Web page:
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ZVEREV'S Anger, Arrogance Strike Again

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Grossefavourite
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ZVEREV'S Anger, Arrogance Strike Again

Post by Grossefavourite » Feb Wed 23, 2022 8:24 pm



RECKLESS AND UNJUSTIFIED: NOVAK DJOKOVIC, ANDY MURRAY REACT TO ALEXANDER ZVEREV'S RACQUET-SMASHING TIRADE IN ACAPULCO
“The disqualification decision was not too harsh. I think it was correct under the circumstances,” said the world No. 1 following his win across the globe in Dubai.

Late Tuesday evening in Acapulco, Alexander Zverev was back in tennis headlines for the wrong reasons when he was dismissed from the Abierto Mexicano Telcel following a volatile tirade.

After losing his doubles match alongside Marcelo Melo in a match tiebreaker to Lloyd Glasspool and Harri Heliovaara, Zverev aggressively swung his racquet three times at the chair umpire’s box while glaring at umpire Alessandro Germani. The official clearly felt vulnerable, as he moved his feet in response to the German’s explosion. Zverev then cursed out Germani, took another swipe with his mangled frame, and proceeded to sign autographs as if nothing happened.

Zverev’s behavior could not be ignored, leading to the defending singles champion being withdrawn from the tournament—he was still in the singles draw—by the ATP for unsportsmanlike conduct. The 24-year-old posted a statement on his Instagram story Wednesday morning, writing, “It is difficult to put into words how much I regret my behavior during and after the doubles match yesterday. I have privately apologized to the chair umpire because my outburst towards him was wrong and unacceptable, and I am only disappointed in myself.

“It just should not have happened and there is no excuse. I would also like to apologize to my fans, the tournament, and the sport that I love.”
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Novak Djokovic and Andy Murray were both asked about the incident following their matches in Dubai Wednesday. Djokovic, who defeated Karen Khachanov, 6-3, 7-6 (2), could relate to being disqualified from a tournament following his unfortunate 2020 US Open experience—one that unlike Zverev’s was the result of an unintentional act. The world No. 1 agreed with the outcome handed down to Zverev.

“I made mistakes in the past where I've had tantrums on the court. I understand what the player is going through. But, of course, I do not justify his actions,” Djokovic told press after advancing to the quarterfinals.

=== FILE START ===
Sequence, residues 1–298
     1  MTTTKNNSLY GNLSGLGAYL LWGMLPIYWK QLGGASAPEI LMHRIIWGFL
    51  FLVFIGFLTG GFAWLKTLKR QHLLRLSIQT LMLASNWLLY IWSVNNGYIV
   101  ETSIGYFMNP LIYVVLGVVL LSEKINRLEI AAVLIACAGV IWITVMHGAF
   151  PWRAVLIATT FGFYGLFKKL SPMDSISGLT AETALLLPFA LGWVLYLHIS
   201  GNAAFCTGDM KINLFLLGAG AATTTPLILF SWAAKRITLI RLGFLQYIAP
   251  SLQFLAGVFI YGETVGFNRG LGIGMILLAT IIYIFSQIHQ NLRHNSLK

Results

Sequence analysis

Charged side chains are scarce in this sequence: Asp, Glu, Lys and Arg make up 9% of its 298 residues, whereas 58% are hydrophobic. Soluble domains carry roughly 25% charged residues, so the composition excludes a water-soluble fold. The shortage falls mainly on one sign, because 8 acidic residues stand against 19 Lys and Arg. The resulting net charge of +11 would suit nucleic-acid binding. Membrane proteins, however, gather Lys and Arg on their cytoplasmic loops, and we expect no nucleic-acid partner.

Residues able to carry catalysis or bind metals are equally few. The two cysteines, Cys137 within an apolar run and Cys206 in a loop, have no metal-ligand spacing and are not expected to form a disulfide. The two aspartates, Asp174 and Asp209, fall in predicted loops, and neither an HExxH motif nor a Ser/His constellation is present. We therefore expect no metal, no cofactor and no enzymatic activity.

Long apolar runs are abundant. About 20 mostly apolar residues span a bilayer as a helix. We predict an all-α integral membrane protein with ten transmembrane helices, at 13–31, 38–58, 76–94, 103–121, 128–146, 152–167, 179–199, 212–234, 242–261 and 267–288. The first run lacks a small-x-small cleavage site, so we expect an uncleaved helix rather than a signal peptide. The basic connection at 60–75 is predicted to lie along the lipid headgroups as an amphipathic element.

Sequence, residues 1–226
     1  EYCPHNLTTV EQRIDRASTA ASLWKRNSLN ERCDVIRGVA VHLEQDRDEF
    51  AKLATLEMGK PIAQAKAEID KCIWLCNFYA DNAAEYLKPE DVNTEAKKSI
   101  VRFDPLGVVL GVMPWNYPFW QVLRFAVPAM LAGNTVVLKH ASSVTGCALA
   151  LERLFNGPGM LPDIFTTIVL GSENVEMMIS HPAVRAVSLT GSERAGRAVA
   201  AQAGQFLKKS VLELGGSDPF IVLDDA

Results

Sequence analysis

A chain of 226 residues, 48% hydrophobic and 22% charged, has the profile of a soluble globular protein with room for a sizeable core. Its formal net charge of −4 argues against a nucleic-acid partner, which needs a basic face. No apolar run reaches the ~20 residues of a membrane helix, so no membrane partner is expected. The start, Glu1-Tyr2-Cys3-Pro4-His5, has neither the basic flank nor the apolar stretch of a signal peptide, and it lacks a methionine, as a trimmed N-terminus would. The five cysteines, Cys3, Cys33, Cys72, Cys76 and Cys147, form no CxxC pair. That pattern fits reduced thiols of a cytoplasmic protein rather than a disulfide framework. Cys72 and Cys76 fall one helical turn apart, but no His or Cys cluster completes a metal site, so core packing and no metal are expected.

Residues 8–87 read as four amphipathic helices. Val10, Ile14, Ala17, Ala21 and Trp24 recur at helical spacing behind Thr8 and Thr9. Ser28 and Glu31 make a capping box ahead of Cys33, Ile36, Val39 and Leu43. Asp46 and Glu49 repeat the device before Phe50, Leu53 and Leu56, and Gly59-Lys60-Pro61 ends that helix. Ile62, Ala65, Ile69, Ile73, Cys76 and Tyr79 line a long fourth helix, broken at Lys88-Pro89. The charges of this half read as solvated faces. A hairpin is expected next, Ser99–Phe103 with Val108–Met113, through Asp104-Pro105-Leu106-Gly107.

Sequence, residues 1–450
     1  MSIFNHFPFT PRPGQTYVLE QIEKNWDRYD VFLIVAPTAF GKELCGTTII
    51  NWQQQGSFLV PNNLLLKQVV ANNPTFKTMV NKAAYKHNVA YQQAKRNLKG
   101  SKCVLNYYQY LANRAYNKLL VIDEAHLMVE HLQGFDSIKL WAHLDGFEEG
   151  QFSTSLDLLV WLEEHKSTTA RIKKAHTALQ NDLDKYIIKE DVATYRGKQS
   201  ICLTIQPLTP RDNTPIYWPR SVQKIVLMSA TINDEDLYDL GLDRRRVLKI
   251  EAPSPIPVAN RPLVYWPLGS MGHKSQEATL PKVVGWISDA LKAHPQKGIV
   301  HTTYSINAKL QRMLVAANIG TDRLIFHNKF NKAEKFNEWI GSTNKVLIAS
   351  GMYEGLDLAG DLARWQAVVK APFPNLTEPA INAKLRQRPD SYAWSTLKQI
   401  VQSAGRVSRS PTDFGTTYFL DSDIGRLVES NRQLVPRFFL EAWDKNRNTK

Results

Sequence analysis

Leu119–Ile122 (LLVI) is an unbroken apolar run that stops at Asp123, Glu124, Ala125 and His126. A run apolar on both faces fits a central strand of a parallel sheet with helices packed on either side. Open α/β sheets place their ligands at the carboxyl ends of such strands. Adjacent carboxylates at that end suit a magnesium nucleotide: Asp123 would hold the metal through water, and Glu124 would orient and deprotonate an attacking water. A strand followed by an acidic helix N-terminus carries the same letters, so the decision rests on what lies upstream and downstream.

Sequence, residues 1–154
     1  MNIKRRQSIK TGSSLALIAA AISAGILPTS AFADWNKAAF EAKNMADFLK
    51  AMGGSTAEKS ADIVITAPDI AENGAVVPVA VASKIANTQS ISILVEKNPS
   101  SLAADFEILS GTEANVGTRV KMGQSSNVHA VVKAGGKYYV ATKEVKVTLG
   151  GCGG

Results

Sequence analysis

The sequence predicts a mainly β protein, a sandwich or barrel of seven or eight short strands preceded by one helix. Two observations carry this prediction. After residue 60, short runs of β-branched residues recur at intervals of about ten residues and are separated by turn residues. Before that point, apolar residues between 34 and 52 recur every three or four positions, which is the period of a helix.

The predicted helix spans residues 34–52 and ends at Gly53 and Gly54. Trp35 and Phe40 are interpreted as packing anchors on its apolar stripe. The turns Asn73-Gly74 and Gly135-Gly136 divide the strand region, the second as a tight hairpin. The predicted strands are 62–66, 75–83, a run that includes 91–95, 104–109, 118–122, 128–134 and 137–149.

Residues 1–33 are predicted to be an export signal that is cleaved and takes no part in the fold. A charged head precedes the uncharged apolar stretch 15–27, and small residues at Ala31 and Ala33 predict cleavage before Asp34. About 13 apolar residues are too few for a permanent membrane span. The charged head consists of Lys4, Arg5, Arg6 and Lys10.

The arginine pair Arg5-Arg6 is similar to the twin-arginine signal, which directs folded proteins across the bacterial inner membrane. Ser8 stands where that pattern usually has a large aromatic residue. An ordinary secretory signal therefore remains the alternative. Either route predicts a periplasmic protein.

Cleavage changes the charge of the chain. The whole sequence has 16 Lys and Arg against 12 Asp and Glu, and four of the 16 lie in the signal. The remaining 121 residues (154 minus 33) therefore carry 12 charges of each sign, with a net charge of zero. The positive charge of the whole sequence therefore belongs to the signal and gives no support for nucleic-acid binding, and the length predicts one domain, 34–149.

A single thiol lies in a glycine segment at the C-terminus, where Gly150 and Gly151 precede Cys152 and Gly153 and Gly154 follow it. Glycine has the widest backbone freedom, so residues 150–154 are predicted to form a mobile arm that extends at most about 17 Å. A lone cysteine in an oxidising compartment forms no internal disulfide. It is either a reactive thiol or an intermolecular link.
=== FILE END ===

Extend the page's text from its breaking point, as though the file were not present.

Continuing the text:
“He has, with the words that he had in the statement, handled it in a right way. He said he made a mistake and his actions were not appropriate. I think the disqualification decision was not too harsh. I think it was correct under the circumstances.”

Like Djokovic, Murray admitted he’s reacted poorly in the heat of the moment before. That said, the three-time major champion believes Zverev went too far in expressing his emotions.

“It was dangerous, reckless,” Murray said in his press conference after falling to Jannik Sinner, 7-5, 6-2. “I'm certainly not claiming to be an angel. I'm not perfect myself.

“However, when you're ripping your tennis racquet right next to the umpire multiple times, you can't be doing that… It's graphite flying off the racquet, as well.”

In 2019, Nick Kyrgios received a record $113,000 fine for his string of behavior at Cincinnati’s Western & Southern Open and was suspended for 16 weeks. It’s plausible Zverev could be headed down the same path.

His track record when it comes to code of conduct is far from spotless, and there’s this lingering fact: the ATP has an open “internal” investigation looking into alleged domestic abuse claims made by Olga Sharypova against Zverev (the men's tour is yet to provide an update since publicly revealing plans to investigate on October 4, 2021).

Zverev concluded Wednesday’s apology note with this:

“As you know, I leave everything on the court. Yesterday, I left too much. I am going to take the coming days to reflect—on my actions and how I can ensure that it will not happen again. I am sorry for letting you down.”

Is saying sorry on social media and using deep pockets to pay the fine enough? A considerable suspension may be the only way to show Zverev what self-reflection means, in that his appalling Acapulco actions do not have a place in tennis. Not then, not now, not ever, period.

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